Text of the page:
Your ISP still gives you a great TV deal. Except for short-term promotional offers, I don’t see such great bundle deals any more. Though internet service providers are important, as I’ll explain in a minute.

You fear change. That sounds harsh, but if you widen this just a little to say that you don’t want the hassle of changing how you get TV, then that’s more understandable.

I’ve got three more reasons why some households aren’t good candidates for cord-cutting. You can’t get good OTA reception. This might be the case if you live in an apartment in the basement or on the side of the building opposite the broadcast towers. It’s also true for customers living on the edge … of a TV market. Some of the OTT services will sell some of those stations in some markets, but for the full breadth of local OTA channels, you may need cable or pay-TV satellite.

Your ISP has usage caps. Although the need for them is questionable at best, usage caps are spreading to more cable-TV territories. They’re an excellent way for cable companies to generate more income while herding viewers to their own zero-rated content. If you’ll watch enough OTT TV to start bumping into those caps, it might not be worth switching.

You can’t get decent broadband. As of last summer, 34 million Americans lacked access to broadband internet service. Some of them get their TV via satellite, either pay-TV or free-to-air or both. Until that broadband gap gets filled, they’ve got no good cord-cutting alternative.

Most of the time, cord-cutting becomes a lifestyle choice. When someone gives up $5 lattes, it’s usually not because they can get them for $2.50 somewhere else. It’s usually because they pondered the question of whether the money they were spending could be used better elsewhere. A lot of cord-cutters aren’t looking for cheaper alternatives; they’re deciding what they no longer need to buy.

Sinclair Broadcast Group logoSeveral media outlets are reporting that Sinclair Broadcasting Group is requiring its local station news anchors to read promotional messages on air that complain about “biased and false news”. Fortune says that the script includes a passage, apparently to be read without irony, “some members of the national media are using their platforms to push their own personal bias and agenda to control ‘exactly what people think’.”

This was the brilliant tactic of Fox News, to hammer away at the message that not only is it the best source of information, but that most other sources are not to be trusted. It was a great way to build ratings even if it sometimes misled its viewers about the motivations or veracity of other reports.

After running John Oliver’s take on Sinclair last Friday, I hadn’t expected to write about them again so soon. As I mentioned then, I’m more concerned about the displacement of true localism, though I find this discounting of other points of view very disturbing when it’s required reading for dozens of stations. As an old newspaper guy, I feel a certain affinity for the truth, for verifiable facts. This kind of “local” news won’t help us get there.

America One Television logo

The America One logo as it looked in 1996

Eleven Sports announced today that it has launched an over-the-top subscription channel on Twitch. I’m fascinated by Eleven’s third-tier sporting events, but a unique draw for me is its connections to the long-defunct America One broadcast TV network, which acted like a dot-two diginet even in its analog days.

America One launched in 1995, carried mostly part-time by a motley collection of LPTV, Class A, cable and satellite channels, plus the occasional full-power station. Its programming mirrored its affiliate list with a hodgepodge of old movies and inexpensive TV shows, backed with a few pioneering minor-league and oddball sports events, often shown live. America One was so pioneering that it was one of the first networks to offer online live video streaming back in the 1990s when that meant a postage-stamp window embedded in a browser. Always, it seemed to be flailing for viewers.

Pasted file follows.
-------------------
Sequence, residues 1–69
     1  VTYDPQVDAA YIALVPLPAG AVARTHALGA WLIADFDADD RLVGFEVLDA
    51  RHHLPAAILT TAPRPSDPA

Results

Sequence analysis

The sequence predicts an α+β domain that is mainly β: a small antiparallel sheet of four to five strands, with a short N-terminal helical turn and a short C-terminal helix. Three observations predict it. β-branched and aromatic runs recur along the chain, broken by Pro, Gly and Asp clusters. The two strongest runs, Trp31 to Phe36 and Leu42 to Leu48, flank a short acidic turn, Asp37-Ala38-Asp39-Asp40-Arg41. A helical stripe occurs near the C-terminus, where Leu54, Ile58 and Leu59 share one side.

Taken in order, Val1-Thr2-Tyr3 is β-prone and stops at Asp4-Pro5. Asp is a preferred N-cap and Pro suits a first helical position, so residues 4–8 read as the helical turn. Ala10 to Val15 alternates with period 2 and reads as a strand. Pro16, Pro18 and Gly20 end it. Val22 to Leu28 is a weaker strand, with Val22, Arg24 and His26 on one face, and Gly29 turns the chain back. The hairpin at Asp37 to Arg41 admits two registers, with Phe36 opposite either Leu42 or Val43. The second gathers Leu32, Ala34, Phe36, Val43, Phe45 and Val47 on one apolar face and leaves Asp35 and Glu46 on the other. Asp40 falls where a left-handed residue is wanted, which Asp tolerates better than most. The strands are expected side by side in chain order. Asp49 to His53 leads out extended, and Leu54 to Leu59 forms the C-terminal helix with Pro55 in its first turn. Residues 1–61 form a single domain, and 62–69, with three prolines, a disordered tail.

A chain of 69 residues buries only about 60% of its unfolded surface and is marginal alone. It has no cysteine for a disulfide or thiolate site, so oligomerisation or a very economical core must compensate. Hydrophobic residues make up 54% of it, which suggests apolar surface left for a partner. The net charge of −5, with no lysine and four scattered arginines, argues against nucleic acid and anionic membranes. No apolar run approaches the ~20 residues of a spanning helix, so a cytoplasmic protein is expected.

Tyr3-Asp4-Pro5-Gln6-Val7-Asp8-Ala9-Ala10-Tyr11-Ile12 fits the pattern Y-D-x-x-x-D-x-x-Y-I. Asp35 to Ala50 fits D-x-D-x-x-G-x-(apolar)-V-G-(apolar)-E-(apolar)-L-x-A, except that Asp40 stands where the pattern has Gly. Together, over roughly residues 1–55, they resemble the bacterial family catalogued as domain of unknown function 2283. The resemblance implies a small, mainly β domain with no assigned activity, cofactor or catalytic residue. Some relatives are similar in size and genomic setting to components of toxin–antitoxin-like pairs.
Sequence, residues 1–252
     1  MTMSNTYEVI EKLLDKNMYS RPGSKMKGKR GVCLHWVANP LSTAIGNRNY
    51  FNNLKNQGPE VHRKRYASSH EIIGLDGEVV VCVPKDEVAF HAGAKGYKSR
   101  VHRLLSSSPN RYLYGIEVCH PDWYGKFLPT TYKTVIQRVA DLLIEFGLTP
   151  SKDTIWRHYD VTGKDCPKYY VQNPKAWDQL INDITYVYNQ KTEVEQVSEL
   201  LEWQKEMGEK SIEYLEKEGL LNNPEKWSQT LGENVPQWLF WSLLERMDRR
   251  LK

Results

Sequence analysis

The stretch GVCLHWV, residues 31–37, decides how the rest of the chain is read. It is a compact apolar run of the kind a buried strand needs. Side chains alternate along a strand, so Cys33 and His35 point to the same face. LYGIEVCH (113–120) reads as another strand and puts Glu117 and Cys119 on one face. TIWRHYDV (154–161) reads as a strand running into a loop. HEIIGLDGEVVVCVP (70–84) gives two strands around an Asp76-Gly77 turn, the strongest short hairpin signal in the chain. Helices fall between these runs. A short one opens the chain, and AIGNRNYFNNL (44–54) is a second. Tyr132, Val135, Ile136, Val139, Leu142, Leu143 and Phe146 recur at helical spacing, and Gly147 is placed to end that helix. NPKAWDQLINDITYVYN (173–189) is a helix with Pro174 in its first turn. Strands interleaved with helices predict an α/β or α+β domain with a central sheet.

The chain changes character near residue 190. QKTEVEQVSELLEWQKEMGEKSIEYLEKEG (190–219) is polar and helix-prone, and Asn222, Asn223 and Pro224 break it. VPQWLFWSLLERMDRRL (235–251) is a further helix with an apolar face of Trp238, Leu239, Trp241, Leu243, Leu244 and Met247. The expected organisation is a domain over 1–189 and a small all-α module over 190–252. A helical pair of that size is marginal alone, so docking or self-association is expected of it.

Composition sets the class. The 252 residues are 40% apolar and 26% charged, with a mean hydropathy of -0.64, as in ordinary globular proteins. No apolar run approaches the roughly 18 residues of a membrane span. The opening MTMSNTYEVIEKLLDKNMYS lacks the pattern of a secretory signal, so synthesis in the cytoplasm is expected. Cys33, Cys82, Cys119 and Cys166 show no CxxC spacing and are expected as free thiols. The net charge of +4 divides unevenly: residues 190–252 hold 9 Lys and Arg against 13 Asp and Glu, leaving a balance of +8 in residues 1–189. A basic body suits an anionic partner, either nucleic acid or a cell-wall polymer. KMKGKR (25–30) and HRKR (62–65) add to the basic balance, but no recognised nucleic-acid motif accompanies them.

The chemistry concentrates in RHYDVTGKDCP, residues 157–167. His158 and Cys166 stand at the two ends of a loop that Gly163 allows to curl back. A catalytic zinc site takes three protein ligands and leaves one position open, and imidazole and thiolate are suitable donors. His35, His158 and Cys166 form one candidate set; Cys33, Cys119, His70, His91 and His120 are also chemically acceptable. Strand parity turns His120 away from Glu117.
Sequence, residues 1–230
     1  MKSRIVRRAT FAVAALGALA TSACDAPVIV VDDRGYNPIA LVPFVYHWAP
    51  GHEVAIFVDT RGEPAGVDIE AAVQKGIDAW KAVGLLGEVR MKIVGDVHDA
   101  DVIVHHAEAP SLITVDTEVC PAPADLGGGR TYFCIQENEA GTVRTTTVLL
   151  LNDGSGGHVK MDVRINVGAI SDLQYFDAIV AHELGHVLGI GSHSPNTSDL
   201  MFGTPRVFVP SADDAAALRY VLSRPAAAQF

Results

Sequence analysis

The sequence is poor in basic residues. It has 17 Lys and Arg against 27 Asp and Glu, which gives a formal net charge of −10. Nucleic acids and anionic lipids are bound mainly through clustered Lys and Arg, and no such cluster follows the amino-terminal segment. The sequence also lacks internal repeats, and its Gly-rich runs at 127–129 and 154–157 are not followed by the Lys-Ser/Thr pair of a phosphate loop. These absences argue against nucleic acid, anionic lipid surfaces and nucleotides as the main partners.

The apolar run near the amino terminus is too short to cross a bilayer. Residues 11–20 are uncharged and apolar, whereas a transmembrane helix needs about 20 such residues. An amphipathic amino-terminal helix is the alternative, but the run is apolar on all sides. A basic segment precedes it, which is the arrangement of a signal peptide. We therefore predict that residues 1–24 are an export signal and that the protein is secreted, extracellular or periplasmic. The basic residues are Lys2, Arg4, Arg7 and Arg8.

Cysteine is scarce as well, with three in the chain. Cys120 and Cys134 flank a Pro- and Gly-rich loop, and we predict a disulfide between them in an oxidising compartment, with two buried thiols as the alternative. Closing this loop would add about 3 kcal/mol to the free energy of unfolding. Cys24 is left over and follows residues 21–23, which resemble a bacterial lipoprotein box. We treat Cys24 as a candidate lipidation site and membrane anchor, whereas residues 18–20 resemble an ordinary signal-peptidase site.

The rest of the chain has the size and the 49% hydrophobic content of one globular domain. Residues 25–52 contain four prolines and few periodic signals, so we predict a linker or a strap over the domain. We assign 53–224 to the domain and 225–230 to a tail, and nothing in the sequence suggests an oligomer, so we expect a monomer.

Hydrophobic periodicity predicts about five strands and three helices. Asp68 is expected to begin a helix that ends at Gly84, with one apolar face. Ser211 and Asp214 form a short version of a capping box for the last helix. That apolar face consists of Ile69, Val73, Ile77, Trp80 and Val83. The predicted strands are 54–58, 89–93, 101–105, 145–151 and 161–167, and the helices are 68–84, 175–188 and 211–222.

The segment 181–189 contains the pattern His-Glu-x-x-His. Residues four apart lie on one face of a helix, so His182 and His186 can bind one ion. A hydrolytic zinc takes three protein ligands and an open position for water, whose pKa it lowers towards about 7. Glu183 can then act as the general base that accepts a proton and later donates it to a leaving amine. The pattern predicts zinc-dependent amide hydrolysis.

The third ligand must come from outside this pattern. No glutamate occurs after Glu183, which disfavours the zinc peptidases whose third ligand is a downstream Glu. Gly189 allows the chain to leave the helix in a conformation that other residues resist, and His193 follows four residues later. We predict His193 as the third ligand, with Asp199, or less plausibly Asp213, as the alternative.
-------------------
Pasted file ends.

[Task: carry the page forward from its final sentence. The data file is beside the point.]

The network’s ownership went through a lot of changes. Wikipedia says it was launched by USFR Media Group. The Internet Archive shows that in 2001 it was purchased by US Farm & Ranch Supply Company. That isn’t mentioned in the Wikipedia article, which goes on to detail shareholder moves and holding company acquisitions in the 2000s. Meanwhile, the roster of sports grew to include the Canadian Football League, the ECHL, and the National Lacrosse League among many others.

In 2011, America One spun off One World Sports. At that point, both networks were owned by One Media Corporation, headed by the chairman of the New York Cosmos of the North American Soccer League. In addition to Cosmos games, One World picked up some of America One’s live sports programming. In its heyday, One World Sports had an impressive array of foreign and minor-league games. As I type, fuboTV still has a landing page devoted to One World Sports, which continues to illustrate how important it was to fuboTV.

By 2015, One Media Corp had sold America One to Center Post Networks, LLC, owner of Youtoo TV. In November 2016, the channel’s staff was furloughed as a cost-cutting measure, and a small set of recorded events started repeating every week. As Wikipedia put it, “In March 2017, the channel was quietly replaced on television providers by a new channel branded as Eleven Sports Network.” On March 16, Eleven announced “the acquisition of certain One World Sports’ distribution assets”. And almost a year later, it’s ready for OTT.

Through the years, I kept track of America One and its sports offspring because it was one of the few channels I could never get. It so happened that I was never in range of one of its broadcast affiliates, never had DirecTV, and could pick it up only fleetingly through my free-to-air satellite dish. By the time I subscribed to fuboTV in late 2016, One World Sports had already begun circling the drain. You can’t have everything, and America One will always be the one that got away.

Local construction distractions have grown so large that I’m taking a short break. Meanwhile, as the FCC investigates its own chairman to see whether his actions improperly benefitted Sinclair Broadcast Group, here’s John Oliver’s Last Week Tonight story from last July about Sinclair’s hands-on approach to local news. Whenever I hear the NAB talking about the benefits of localism, I think about iHeartMedia’s reportedly impending bankruptcy and Sinclair forcing stories down to all of its already huge station group. So how do we get back to true localism?